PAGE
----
Opin­ion

Fish Farmer - - Contents - By Nick Joy

FOR those of you who don’t know the word, it means re­lax­ing of tense re­la­tions.A lit­tle bird, or sev­eral, have told me that there are moves within the in­dus­try to cre­ate a fund to dis­perse to the wild salmonid lobby by some route or other. It has fur­ther been sug­gested that this fund would be han­dled at a na­tional level and then dis­trib­uted to wor­thy projects and or­gan­i­sa­tions.

I can­not say that I have heard of a worse idea in a long time. Let’s leave aside that those who want to en­ter the Aqua­cul­ture Stew­ard­ship Coun­cil (ASC) might wish to get it changed and need the wild salmonid lobby on their side.

Let’s also ig­nore the fact that the wild salmonid lobby have been mak­ing their usual claims and pro­duc­ing fake news by the bucket load.

The rea­son that this is a bad idea is be­cause the ba­sic prin­ci­ple is funda

Dé­tente is achieved by dis­cus­sion and two par­ties trust­ing each other and de­vel­op­ing win:win po­si­tions. It has never suc­ceeded where one party ef­fec­tively pun­ishes the other party un­til it pays up.

So let’s look at the is­sues we face.The na­tional wild salmonid lobby is ef­fec­tively con­trolled by the big three rivers.Through what­ever na­tional or­gan­i­sa­tion, they raise the is­sue of the west coast and salmon farm­ing ‘on be­half’ of the small pro­pri­etors or trusts on the west coast.

Dur­ing my ten­ure in such a trust, I can say that the num­ber of times their rep­re­sen­ta­tive has been to visit can be counted on one hand and the num­ber of times that one of the big hit­ters has come has been a big fat re­sound­ing zero.

I should pay trib­ute to the pro­pri­etors in the area of our trust.They are rea­son­able, thought­ful peo­ple and, here’s the sur­prise, the farm­ing busi­nesses them.

Each busi­ness, whether wild salmonid or farmed, knows and has to sign a doc­u­ment say­ing that they do not ex­pect their con­tri­bu­tion to af­fect what funds it and our bi­ol­o­gist is clear that she and she alone de­cides on the projects put for­ward for fund­ing.

This has re­sulted in a new track­ing project to look at where sea trout make it work, de­spite the fact that the out­come might be dele­te­ri­ous to them.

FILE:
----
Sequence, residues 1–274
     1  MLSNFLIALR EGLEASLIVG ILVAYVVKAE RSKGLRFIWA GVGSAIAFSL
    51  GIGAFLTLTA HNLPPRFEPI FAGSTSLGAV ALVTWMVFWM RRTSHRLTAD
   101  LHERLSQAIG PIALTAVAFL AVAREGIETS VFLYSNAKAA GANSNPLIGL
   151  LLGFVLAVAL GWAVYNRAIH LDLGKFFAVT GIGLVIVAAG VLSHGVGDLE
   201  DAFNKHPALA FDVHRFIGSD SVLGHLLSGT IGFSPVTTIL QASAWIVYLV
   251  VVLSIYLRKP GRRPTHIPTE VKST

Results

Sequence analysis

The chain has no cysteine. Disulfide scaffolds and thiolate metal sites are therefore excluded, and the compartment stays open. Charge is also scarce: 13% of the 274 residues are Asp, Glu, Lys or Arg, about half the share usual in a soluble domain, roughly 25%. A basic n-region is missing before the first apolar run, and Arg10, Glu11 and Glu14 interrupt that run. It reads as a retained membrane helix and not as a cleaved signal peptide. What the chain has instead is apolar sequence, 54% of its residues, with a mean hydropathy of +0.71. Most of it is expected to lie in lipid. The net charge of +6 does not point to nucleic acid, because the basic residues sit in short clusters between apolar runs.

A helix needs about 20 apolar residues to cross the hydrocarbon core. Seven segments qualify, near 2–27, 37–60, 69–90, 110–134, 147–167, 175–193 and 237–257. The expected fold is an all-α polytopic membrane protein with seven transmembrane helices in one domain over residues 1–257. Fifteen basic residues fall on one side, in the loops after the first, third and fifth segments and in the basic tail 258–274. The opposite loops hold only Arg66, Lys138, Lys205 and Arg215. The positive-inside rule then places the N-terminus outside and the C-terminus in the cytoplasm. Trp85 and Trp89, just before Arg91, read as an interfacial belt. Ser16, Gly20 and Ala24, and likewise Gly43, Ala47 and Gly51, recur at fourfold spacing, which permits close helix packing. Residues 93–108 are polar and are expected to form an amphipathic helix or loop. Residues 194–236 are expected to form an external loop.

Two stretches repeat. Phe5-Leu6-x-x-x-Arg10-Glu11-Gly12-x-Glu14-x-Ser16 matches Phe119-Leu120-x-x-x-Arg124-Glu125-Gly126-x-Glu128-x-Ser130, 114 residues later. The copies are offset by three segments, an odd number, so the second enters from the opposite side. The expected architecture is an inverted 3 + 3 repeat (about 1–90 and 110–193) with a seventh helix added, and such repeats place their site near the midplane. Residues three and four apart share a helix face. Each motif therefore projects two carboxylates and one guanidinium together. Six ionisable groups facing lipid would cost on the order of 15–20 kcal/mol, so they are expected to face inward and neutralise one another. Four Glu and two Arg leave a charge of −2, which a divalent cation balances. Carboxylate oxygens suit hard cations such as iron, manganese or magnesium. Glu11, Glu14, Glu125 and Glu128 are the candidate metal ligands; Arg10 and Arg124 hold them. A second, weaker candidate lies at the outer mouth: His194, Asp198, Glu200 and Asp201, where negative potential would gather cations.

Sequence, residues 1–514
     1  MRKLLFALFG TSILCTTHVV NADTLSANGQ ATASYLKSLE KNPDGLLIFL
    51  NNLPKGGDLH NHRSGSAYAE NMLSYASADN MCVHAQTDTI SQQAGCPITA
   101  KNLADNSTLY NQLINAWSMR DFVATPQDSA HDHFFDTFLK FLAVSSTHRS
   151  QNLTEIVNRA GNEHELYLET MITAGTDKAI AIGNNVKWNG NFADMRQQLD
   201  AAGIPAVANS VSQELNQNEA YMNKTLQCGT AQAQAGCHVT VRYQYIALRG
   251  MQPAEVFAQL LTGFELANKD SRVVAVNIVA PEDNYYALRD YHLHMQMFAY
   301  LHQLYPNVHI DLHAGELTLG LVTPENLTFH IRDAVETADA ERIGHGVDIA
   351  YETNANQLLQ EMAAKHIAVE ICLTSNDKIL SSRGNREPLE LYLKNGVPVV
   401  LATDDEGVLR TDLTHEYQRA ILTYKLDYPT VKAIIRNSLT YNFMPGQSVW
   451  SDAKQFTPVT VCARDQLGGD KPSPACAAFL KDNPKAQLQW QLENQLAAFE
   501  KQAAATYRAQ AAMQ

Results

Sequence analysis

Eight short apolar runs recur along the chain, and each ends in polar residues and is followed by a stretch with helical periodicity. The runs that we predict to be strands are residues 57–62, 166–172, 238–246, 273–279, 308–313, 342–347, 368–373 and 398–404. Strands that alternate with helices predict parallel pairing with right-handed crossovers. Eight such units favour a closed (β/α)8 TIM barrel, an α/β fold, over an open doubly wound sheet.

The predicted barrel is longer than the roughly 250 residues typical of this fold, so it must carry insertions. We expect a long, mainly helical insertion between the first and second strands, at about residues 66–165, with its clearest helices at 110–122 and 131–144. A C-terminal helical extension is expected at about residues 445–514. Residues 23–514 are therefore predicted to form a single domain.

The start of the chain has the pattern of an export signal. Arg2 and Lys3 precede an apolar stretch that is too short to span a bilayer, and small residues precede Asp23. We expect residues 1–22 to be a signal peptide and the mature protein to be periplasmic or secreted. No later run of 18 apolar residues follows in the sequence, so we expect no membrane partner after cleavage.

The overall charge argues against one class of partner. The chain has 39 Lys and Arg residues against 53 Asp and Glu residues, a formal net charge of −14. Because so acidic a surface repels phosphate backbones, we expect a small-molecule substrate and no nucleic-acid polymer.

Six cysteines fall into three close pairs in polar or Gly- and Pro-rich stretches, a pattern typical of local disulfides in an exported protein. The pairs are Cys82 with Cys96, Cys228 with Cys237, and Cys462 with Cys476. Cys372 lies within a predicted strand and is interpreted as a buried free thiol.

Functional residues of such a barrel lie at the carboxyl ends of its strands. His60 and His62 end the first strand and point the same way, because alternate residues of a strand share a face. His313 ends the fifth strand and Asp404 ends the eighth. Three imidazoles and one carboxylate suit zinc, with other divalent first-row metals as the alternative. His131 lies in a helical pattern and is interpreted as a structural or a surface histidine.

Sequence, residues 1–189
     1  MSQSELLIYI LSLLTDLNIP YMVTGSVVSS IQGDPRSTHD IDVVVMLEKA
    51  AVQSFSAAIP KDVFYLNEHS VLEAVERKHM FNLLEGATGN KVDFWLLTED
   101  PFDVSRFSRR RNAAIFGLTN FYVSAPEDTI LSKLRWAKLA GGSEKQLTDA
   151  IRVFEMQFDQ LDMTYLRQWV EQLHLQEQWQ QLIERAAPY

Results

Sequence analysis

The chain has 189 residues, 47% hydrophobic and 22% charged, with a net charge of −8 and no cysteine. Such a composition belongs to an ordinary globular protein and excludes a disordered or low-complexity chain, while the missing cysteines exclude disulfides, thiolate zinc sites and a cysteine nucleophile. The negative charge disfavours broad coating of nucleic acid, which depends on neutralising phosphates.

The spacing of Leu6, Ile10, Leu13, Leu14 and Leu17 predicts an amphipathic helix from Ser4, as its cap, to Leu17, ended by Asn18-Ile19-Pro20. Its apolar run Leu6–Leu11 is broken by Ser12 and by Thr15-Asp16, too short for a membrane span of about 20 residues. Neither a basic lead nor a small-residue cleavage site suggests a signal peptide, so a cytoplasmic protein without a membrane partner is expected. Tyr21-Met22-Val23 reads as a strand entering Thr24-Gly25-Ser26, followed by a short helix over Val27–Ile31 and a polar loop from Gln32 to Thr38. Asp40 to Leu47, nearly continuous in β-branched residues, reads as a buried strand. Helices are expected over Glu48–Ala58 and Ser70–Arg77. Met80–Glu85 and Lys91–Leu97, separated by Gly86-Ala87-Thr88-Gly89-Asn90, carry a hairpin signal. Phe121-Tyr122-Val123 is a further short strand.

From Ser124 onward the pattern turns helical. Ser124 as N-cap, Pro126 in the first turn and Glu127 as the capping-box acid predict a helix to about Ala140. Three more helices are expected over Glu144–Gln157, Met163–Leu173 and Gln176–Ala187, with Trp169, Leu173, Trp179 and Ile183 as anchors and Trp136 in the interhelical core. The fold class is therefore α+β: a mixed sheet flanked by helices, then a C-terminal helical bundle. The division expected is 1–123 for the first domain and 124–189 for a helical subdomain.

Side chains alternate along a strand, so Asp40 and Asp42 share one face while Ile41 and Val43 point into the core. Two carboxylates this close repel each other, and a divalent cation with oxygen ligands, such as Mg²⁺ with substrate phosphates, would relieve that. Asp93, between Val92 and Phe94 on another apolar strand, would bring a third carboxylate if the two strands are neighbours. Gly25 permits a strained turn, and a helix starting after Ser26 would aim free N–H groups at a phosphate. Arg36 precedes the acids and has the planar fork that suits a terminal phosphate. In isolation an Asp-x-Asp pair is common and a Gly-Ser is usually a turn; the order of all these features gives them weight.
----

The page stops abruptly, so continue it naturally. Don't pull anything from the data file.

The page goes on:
The is­sue is a lo­cal one and should be re­solved lo­cally. It is clear that some Eri­boll, where there is a farm site but the Polla has been on 50-year record catches for quite a while now.

The wild salmonid lobby will not be bought off. If they aren’t just us­ing the ar­gu­ment to beat govern­ment then they must gen­uinely be­lieve that the salmon farm­ing in­dus­try is caus­ing an is­sue.

Why would money stop them con­tin­u­ing to cam­paign? Fur­ther to this, the fund would ap­pear to be a tacit ac­cep­tance by the in­dus­try that salmon farm­ing has af­fected the mi­gra­tory re­turns. Does the in­dus­try in­tend this?

Then there comes the most ba­sic is­sue of all.This money will quickly be re­garded as ow­ing to the salmonid lobby and then sub­ject to de­mands for growth to match pu­ta­tive im­pact. It will have lay­ers of peo­ple de­cid­ing its ap­pro­pri­ate use and adding lay­ers of cost. It will not earn any re­spect or grat­i­tude and will not re­sult in a pos­i­tive di­a­logue.

For the sake of gen­er­a­tions of fu­ture aqua­cul­tur­ists and busi­ness peo­ple, please do not do this. Some­one said that the is­sue is about time poor and needed is time spent at a lo­cal level build­ing trust

There are hard lin­ers out there. Some do not be­lieve that there should be any truck with the salmon in­dus­try at all.They be­lieve that if the money is passed to a na­tional or­gan­i­sa­tion, some­how the money will be laun­dered bright white and this leaves them with their hand un­blem­ished.

These are peo­ple who be­lieve that their hands are un­sul­lied while work­ing to con­serve a species solely for the pur­pose of catch­ing it on a hook and re­leas­ing it again. Mo­ral­ity is seen pe­cu­liarly by those who wear dis­torted lenses.

A good world is one where peo­ple who deeply dis­agree can dis­cuss and un­der­stand each other’s po­si­tion, while try­ing to progress.Those who refuse to see others as hav­ing any re­deem­ing qual­i­ties rarely make good peace mak­ers and rarely pro­duce use­ful so­lu­tions.

I be­lieve that most peo­ple are good and want good to hap­pen.We need to meet and talk just as we have in our trust for the last 21 years.We don’t agree on ev­ery­thing and in some cases pas­sion­ately dis­agree, but we al­ways re­spect each other and we al­ways leave want­ing to meet again. Don’t ruin this be­cause of ex­pe­di­ency or be­cause the needs of to­mor­row don’t weigh heav­ily enough on your

con­science.

The wild salmonid lobby will not be bought

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